Fieser, James. "Thomas Hobbes (1599-1689)," in The Internet Encyclopedia of Philosophy. February 15, 1996. Online. Available from http://www.utm.edu/research/iep/h/hobbes.htm. Accessed June 4, 1999.
An Article from a Full-Text Database
Tulloch, M.I. (1995). Evaluating aggression: school students' responses to television portrayals of institutionalized violence. Journal of Youth and Adolescence, 24, 95+. Retrieved June 4, 1999, from Information Access database (Expanded Academic Index, Item #A16985824) on the World Wide Web: http://web2.infotrac.galegroup.com.
Tulloch, Marian I. "Evaluating Aggression: School Students' Responses to Television Portrayals of Institutionalized Violence." Journal of Youth and Adolescence 24.1 (1995):95+. Online. Expanded Academic Index Article #A16985824. 4 June 1999.
Tulloch, Marion I. "Evaluating Aggression: School Students' Responses to Television Portrayls of Institutionalized Violence." Journal of Youth and Adolescence 24, no. 1 (February 1995):95+. Available from Expanded Academic Index, Article #A16985824. Accessed June 4, 1999.
An Article from an Electronic Journal
Saindon, C. (1999, April). Family feuds and the work of forgiveness. Self-help and Psychology Magazine. Retrieved June 4, 1999, from the World Wide Web: http://www.shpm.com/articles/relation/forgive.html.
Saindon, Connie. "Family Feuds and the Work of Forgiveness." Self-Help and Psychology Magazine April 1999. 4 June 1999 <http://www.shpm.com/articles/relation/forgive.html>.
Saindon, Connie. "Family Feuds and the Work of Forgiveness." Self-Help and Psychology Magazine (April 1999): 7 pars. Online. Available from http://www.shpm.com/articles/relation/forgive.html Accessed June 4, 1999.
An Entry from a Discussion List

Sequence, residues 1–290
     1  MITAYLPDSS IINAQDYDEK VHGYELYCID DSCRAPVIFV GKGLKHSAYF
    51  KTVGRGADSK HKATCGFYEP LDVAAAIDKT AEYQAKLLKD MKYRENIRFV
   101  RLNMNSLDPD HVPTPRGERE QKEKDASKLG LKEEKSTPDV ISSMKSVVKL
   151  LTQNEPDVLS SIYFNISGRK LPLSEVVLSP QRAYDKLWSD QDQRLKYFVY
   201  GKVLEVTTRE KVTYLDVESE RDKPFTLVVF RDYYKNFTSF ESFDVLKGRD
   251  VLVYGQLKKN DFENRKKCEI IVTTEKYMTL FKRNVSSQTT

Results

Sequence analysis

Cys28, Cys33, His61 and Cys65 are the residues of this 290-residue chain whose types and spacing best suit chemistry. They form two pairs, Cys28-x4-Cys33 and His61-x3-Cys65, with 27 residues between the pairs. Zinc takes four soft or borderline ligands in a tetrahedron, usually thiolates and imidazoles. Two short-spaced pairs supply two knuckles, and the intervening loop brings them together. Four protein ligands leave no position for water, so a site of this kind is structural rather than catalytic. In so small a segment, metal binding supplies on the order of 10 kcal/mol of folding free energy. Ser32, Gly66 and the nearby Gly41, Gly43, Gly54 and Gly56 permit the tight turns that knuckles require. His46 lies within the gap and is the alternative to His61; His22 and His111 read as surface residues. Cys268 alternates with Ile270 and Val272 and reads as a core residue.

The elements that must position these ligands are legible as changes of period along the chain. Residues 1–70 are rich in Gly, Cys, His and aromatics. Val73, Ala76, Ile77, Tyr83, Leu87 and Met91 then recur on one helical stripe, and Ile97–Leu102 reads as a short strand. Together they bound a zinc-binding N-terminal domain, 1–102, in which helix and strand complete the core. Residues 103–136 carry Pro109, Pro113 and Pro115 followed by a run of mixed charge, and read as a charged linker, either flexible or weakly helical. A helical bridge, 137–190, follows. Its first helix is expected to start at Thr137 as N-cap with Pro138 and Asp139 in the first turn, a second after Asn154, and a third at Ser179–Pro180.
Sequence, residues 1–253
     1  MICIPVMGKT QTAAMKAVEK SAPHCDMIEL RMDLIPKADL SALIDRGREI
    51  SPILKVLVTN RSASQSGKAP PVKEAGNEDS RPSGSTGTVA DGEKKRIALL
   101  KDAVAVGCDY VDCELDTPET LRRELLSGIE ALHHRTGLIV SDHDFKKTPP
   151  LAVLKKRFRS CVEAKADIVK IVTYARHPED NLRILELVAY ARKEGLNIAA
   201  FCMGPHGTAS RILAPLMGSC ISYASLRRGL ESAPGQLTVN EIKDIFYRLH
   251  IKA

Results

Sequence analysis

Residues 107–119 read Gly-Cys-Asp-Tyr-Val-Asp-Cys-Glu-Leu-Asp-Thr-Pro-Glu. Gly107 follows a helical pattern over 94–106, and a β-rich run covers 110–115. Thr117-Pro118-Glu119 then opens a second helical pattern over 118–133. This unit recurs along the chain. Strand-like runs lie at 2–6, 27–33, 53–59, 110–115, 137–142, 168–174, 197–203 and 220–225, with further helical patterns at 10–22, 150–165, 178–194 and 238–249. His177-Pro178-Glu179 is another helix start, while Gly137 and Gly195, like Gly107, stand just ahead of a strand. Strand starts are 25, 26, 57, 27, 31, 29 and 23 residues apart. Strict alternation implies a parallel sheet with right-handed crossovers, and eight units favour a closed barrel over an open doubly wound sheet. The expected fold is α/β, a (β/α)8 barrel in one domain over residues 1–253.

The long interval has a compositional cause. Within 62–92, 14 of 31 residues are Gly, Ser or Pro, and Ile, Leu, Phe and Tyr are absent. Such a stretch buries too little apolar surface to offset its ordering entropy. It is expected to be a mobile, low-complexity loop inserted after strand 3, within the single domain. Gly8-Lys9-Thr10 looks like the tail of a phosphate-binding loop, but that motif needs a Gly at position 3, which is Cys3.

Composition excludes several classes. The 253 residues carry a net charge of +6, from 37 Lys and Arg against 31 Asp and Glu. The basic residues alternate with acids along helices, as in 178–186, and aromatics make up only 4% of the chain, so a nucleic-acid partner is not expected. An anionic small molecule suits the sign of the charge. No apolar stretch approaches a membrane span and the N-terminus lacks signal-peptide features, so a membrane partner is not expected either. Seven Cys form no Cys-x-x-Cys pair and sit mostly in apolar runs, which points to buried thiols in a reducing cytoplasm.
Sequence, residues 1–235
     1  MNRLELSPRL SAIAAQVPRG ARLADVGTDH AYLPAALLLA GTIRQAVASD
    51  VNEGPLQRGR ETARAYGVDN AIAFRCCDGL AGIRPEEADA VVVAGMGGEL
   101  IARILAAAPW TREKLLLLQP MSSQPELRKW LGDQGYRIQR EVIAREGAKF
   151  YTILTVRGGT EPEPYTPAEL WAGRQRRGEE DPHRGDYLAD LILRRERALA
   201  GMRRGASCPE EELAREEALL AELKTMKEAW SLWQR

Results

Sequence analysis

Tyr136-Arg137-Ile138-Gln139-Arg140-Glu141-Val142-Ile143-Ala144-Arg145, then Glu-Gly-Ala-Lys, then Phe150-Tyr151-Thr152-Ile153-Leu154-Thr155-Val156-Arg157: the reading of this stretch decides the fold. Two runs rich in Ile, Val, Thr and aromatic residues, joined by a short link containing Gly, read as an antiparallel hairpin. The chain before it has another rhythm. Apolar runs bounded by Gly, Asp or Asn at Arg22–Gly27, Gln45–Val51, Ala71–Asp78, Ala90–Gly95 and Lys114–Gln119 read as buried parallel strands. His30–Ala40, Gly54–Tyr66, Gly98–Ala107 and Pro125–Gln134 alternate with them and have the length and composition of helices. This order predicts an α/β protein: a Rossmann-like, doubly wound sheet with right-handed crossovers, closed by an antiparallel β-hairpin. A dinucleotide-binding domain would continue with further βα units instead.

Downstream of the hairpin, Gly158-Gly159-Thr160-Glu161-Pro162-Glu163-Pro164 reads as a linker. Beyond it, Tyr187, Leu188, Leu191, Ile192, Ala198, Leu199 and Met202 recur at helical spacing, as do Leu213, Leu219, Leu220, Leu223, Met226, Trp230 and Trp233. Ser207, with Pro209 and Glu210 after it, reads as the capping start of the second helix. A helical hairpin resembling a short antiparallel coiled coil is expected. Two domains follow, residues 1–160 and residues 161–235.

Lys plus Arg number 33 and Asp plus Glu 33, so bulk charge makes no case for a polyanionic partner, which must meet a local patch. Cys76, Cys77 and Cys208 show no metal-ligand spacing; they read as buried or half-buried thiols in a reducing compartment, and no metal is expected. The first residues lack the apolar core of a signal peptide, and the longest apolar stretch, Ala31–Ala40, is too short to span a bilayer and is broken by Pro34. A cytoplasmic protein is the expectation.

George, P. (1995, July 31). Internet as a research resource. Retrieved June 4, 1999 from WRITING-L on-line discussion list: gopher://gopher.w-net.tsu.edu/writing/archives/july95.
George, Phillip. "Internet as a Research Resource." Online posting. 31 July 1995. WRITING-L. 4 June 1999 gopher://gopher.w-net.tsu.edu/writing/archives/july95.
George, Phillip. "Internet as a Research Resource." In WRITING-L, 31 July 1995. Online discussion group. Available from gopher://gopher.w-net.tsu.edu/writing/archives/july95.
An Electronic Mail Message
Powell, M. (personal communication, February 4, 1996).
Powell, Morgan. "Madison and Federalist 9." E-mail to Susan D. Herring. 4 Feb. 1996.
Powell, Morgan. "Madison and Federalist 9." Private e-mail message to Susan D. Herring, 4 February 1996.
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Connect to any of the following sites:
MLA Style Guidelines approved by the Modern Language Association. (http://www.mla.org/set_stl.htm)
Electronic Reference Formats Recommended by the American Psychological Association . (http://www.apastyle.org/styleelecref.html)
The Columbia Guide to Online Style by Janice R. Walker and Todd Taylor. (http://www.columbia.edu/cu/cup/cgos/idx_basic.html)